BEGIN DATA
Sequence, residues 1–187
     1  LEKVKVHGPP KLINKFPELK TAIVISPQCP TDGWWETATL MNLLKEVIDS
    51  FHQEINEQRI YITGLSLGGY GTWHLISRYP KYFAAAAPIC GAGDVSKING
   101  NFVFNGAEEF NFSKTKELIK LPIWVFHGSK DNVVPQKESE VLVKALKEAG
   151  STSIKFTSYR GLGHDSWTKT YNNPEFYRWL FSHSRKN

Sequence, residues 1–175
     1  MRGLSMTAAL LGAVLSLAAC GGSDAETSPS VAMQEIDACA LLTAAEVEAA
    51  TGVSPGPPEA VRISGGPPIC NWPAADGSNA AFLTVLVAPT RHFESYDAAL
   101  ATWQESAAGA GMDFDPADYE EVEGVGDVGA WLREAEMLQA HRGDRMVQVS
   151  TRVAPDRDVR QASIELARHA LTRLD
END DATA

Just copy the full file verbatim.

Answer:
Sequence, residues 1–187
     1  LEKVKVHGPP KLINKFPELK TAIVISPQCP TDGWWETATL MNLLKEVIDS
    51  FHQEINEQRI YITGLSLGGY GTWHLISRYP KYFAAAAPIC GAGDVSKING
   101  NFVFNGAEEF NFSKTKELIK LPIWVFHGSK DNVVPQKESE VLVKALKEAG
   151  STSIKFTSYR GLGHDSWTKT YNNPEFYRWL FSHSRKN

Sequence, residues 1–175
     1  MRGLSMTAAL LGAVLSLAAC GGSDAETSPS VAMQEIDACA LLTAAEVEAA
    51  TGVSPGPPEA VRISGGPPIC NWPAADGSNA AFLTVLVAPT RHFESYDAAL
   101  ATWQESAAGA GMDFDPADYE EVEGVGDVGA WLREAEMLQA HRGDRMVQVS
   151  TRVAPDRDVR QASIELARHA LTRLD